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Found 3 results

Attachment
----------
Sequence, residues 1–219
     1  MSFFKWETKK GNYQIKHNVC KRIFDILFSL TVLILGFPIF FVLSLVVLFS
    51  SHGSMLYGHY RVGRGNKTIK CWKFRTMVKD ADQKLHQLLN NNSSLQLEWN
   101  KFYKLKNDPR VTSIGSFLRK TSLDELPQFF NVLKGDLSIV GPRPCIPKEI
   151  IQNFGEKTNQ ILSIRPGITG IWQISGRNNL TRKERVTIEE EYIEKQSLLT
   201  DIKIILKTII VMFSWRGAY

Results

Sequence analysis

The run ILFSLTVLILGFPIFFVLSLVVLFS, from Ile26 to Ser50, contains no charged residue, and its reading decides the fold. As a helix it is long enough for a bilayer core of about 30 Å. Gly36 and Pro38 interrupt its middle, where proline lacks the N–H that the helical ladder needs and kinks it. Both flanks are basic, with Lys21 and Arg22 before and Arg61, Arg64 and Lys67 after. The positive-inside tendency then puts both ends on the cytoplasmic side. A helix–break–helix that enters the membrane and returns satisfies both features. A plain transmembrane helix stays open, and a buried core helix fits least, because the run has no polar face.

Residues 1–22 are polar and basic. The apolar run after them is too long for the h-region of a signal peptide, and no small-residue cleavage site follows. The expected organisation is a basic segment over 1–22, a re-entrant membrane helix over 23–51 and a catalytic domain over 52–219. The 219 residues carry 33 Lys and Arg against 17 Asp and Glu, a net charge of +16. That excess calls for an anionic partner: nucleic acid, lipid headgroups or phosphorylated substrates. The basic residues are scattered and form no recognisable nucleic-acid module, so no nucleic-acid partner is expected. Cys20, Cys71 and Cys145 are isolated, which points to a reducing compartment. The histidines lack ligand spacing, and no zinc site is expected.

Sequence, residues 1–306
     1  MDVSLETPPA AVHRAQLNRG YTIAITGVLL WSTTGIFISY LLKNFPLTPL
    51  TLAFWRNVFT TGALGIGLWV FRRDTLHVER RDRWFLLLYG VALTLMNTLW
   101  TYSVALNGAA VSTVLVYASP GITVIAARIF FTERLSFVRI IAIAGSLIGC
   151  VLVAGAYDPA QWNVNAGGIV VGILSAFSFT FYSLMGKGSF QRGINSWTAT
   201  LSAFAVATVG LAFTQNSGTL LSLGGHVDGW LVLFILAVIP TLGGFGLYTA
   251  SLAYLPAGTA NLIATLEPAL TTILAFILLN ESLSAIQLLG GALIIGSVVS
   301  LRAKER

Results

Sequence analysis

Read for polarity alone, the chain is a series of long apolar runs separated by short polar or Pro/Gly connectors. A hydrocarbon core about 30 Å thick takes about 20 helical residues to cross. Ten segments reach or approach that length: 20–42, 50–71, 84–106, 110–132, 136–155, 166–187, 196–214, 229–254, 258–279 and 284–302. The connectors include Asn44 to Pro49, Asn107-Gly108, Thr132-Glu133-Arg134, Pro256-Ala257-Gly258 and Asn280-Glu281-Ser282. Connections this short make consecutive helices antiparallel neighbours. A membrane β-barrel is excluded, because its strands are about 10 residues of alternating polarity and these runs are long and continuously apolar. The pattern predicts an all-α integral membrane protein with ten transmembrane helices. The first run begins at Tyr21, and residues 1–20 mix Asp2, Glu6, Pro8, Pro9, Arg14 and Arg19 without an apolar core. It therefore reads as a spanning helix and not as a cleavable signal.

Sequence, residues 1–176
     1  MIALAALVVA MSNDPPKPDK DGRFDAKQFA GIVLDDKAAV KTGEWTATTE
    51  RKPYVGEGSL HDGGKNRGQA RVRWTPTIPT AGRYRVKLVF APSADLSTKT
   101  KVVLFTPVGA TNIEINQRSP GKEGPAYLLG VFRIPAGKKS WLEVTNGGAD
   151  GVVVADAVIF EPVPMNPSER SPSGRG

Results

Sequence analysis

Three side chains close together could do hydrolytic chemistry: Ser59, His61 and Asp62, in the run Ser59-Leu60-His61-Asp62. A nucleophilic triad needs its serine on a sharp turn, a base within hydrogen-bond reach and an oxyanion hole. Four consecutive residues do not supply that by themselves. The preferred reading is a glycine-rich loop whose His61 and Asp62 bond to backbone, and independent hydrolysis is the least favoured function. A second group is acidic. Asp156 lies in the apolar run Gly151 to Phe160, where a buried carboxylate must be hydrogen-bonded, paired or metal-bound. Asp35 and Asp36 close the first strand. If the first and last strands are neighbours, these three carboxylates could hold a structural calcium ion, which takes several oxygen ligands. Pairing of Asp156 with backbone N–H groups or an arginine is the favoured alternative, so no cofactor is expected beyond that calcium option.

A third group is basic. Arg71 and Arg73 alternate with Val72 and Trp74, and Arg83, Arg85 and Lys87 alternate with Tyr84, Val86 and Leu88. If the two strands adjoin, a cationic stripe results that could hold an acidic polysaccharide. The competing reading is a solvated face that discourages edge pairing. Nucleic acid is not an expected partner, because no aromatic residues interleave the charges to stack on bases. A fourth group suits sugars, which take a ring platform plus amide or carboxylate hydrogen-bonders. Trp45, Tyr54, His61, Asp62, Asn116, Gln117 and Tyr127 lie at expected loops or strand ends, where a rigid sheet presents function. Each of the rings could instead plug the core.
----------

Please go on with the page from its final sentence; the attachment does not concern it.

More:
1. "Back From The Archives" Originally titled "Throw Back Thursday 6-9-14 Patriot Picking". This week's pick takes us to a nice vintage tool that is a bit larger than a hand plane. Last weekend I received a call from one of my picker friends who ran across this very nice woodworking machine and called me to see if I was interested. I know I have started with that line before and it seems they all know what I am out looking for and they have started helping me, well sorta, since I buy it from them, it cost me a bit more than if I located it myself on the pick. However we are all friends doing the same thing and usually works out to get me a good deal Okay so I will get on with this weeks pick. A W.F. & J. Barnes Mortising machine, foot powered. W.F. and John Barnes made a formal partnership in 1869 and became incorporated in 1872 in Rockford, Illinois.They operated in Rockford until 1964 when they were bought by Babcock-Wilcox. Pedal powered equipment was their main focus but in 1881 they were beginning to make some powered machines. They were making what was considered to be lightweight foot powered machines but this mortise machine weighs in at 130 lbs. Seneca Falls and Barnes were the only two at this time making professional grade machines. Their tools were intended for the serious workshop. They were man-size and robust They were known well for their foot powered Scroll Saw. They were also specializing in drill presses and that line really took off with the acquisition of the Thomas Farmer friction plate drill press patent. John S. Barnes, son of the founder John, took over the company in 1920. He started taking the company more toward the lucrative automobile machinery trade. Assembly line tools became the main focus. By 1937 the line of foot powered tools had practically ceased however even today they are remembered for the line of high quality foot powered machinery. This Mortising machine is complete and working except that it didn't have any chisels. On the back of the machine the name is cast on one side. And Rockford, Ill on the other side. It has three awesome claw feet. There are two on the front and one in the back. This is a type 4 machine and was the last one they produced. It was made between 1892 and 1936. The early machine had a wooden spring that looked somewhat like a wagon bench seat spring. The first one was produced in 1877 and it went through a few changes, most notable was the change in the spring. Until the Type 4, they maintained the brackets for the wood spring. A Type 3 was only produced in 1892. That was when the tilting table was added. The Type 2 added a wooden table top on the cast iron table. It has been removed from the one I got, but the holes are there for the piece of wood to be attached. There are also adjustable hold downs brackets on the front. An adjustment on the back allows the table to be moved up and down depending on the size of wood you are putting a mortise. The head moves in and out to set the mortise where you need it. The handle on the top front will rotate to turn the chisel so you can clean up each side of the chisel. The cover of the 1907 Barnes catalog. The mortise machine as pictured in the 1896 catalog. Yes that is right, $20.00 for the machine. I did pay more than 20.00. Here is the machine listed in the 1927 Catalog. So like it sits I could make mortises but I really need to locate some chisels. They weren't that expensive back in the day. I am hoping that someone out there may have some or know of someone that has them. If not, then I may have to find a machine shop that can make me a few. This is the only number that I have been able to locate on it so far. I am excited to add this piece to my shop and one more of my manual operated machines. As soon as I can move it outside I will give it a good cleaning and see what I will need to do as far as any restoration. I love the way the old machines were made with so much character and detail just like in the legs and feet. You just don't see that on anything made today. I may even put it in the house it looks so neat. I am going to put a nice piece of cherry on the table. Back to Patriot Picking.....